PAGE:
UNITED STATES DISTRICT COURT EASTERN DISTRICT OF NEW YORK
March 20, 2008
ANDREW HERNANDEZ, PLAINTIFF,
J.B. HUNT, INC. AND KENNETH E. ONYSKO, DEFENDANTS.
The opinion of the court was delivered by: Sifton, Senior Judge.
MEMORANDUM OPINION AND ORDER
Plaintiff Andrew Hernandez ("Hernandez") commenced this personal injury action against defendants J.B. Hunt, Inc. ("Hunt") and Kenneth E. Onysko ("Onysko") in the Supreme Court of the State of New York, County of Richmond, pursuant to N.Y. Ins. Law § 5101 et seq. On January 4, 2008, Hunt filed a notice of removal pursuant to 28 U.S.C. § 1446*fn1 seeking to remove this case to the Eastern District of New York on diversity grounds. On January 11, 2008, Magistrate Judge James Orenstein issued a memorandum and order sua sponte, directing the Clerk to remand the case to the Supreme Court of the State of New York, County of Richmond. Presently before this Court is defendant Hunt's appeal of Judge Orenstein's order. For the reasons set forth below, Hunt's appeal is granted.
The following facts are taken from the submissions in connection with this motion and the notice of removal filed by Hunt. Disputes are noted.
Plaintiff Hernandez is a citizen of the State of New York. Complaint ¶ 1.
Defendant Hunt states that it is a Georgia corporation with its principal place of business in the State of Arkansas. Notice of Removal ¶ 3. In his complaint, plaintiff first alleges that defendant Hunt is a New York corporation, but then goes on to allege that defendant is a foreign corporation doing business in the State of New York with its principal offices in Oklahoma. Complaint ¶¶ 4-6.
Defendant Onysko is a citizen of New Jersey. Id. ¶ 7.
On November 27, 2007, plaintiff filed the instant action in the Supreme Court of the State of New York, County of Richmond.
Plaintiff's complaint alleges that on or about June 8, 2007, while driving his car in Staten Island, defendant Onysko, who was operating a truck owned by Hunt with Hunt's knowledge and consent, struck the rear of his car, thereby causing him injury.
Id. ¶¶ 10, 12.
Plaintiff's complaint alleges that he sustained a serious injury and economic loss greater than the basic economic loss as defined by New York State Insurance Law § 5102. Id. ¶ 14. Plaintiff states that he: was severely and seriously injured, bruised and wounded, suffered, still suffers and will continue for some time to come to suffer great physical and mental pain and bodily injuries and became sick, lame, and disabled and so remains and upon information and belief is permanently injured; that plaintiff has been put to great expenses for medical and surgical treatment, nursing and hospital services; and will hereinafter necessarily incur further expenses of a similar nature, all to plaintiff's damage in such sum as exceeds the monetary jurisdiction limits of all lower courts."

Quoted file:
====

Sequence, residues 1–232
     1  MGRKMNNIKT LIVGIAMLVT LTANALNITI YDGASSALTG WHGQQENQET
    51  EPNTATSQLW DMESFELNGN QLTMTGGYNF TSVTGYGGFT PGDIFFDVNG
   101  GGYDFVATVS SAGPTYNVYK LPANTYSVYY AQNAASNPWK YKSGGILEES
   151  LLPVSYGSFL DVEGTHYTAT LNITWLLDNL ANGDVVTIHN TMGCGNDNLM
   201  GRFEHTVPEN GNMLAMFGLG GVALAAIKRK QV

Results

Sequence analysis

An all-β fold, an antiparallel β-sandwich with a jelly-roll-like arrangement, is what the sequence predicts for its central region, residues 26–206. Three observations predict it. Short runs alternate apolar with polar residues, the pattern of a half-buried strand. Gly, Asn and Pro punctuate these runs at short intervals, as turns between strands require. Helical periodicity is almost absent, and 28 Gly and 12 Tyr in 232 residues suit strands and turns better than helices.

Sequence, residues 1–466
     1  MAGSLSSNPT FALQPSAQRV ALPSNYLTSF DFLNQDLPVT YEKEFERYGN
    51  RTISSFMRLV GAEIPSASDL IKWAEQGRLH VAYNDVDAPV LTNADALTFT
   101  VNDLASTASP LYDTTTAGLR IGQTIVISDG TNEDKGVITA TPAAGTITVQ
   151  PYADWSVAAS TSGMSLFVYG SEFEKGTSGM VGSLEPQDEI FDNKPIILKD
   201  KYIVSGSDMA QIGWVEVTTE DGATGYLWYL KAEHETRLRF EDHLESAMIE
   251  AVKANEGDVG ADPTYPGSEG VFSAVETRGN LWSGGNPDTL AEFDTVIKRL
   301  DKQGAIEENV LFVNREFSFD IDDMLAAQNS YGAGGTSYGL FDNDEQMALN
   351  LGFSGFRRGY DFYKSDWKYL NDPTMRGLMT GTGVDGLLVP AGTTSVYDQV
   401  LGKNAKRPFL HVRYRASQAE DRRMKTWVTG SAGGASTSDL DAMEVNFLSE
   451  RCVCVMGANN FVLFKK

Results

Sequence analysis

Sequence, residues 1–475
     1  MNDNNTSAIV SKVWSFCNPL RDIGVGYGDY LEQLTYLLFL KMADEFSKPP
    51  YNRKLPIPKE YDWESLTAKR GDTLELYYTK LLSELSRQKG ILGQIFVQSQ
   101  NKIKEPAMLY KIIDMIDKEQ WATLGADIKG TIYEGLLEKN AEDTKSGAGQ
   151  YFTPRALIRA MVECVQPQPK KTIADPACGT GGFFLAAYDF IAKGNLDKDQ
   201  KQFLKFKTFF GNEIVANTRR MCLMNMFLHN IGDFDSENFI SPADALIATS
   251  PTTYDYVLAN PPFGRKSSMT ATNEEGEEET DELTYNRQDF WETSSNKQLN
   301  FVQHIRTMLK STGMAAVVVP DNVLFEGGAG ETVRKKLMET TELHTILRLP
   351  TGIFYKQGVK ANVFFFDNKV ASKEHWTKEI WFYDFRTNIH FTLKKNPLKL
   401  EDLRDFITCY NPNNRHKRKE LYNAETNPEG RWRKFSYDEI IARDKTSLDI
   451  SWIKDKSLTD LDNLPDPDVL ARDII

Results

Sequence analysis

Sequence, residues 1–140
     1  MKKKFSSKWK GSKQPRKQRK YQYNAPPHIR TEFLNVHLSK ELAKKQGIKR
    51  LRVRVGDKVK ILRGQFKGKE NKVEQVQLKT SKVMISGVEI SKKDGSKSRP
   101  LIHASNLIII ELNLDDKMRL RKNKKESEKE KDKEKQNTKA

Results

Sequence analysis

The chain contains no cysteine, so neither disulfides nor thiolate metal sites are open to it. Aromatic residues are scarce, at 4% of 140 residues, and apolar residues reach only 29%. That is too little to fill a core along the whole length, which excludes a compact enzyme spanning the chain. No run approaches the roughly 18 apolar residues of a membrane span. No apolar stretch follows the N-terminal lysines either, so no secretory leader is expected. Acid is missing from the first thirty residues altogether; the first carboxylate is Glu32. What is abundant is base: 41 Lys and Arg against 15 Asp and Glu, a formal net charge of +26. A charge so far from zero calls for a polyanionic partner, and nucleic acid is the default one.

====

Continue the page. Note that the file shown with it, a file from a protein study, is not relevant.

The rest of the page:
Id. ¶ 16.
On January 4, 2008, Hunt filed a notice of removal pursuant to 28 U.S.C. § 1446 seeking removal to the Eastern District of New York. Defendant Onysko joined in the notice of removal. Notice of Removal ¶ 7. The notice of removal states that "plaintiff seeks damages of more than $75,000 and sought damages of more than $75,000 when this action was started in state court." Id. ¶ 4.
Upon filing the notice of removal, the case was referred to Magistrate Judge James Orenstein.
On January 11, 2008, Judge Orenstein issued a memorandum and order sua sponte, directing the Clerk to remand the case to New York State court because defendant Hunt had not met its burden of establishing the amount in controversy. Judge Orenstein stayed the effective date of the order so that the parties could appeal his order to the undersigned. Hunt filed its appeal on January 28, 2008.
Standards of Review
Pursuant to Federal Rule of Civil Procedure 72, a magistrate judge has the authority to determine non-dispositive pretrial matters. Non-dispositive motions decided by a magistrate judge are to be modified or set aside by the district judge assigned to the case only where the order is clearly erroneous or contrary to law. Fed. R. Civ. P. 72(a).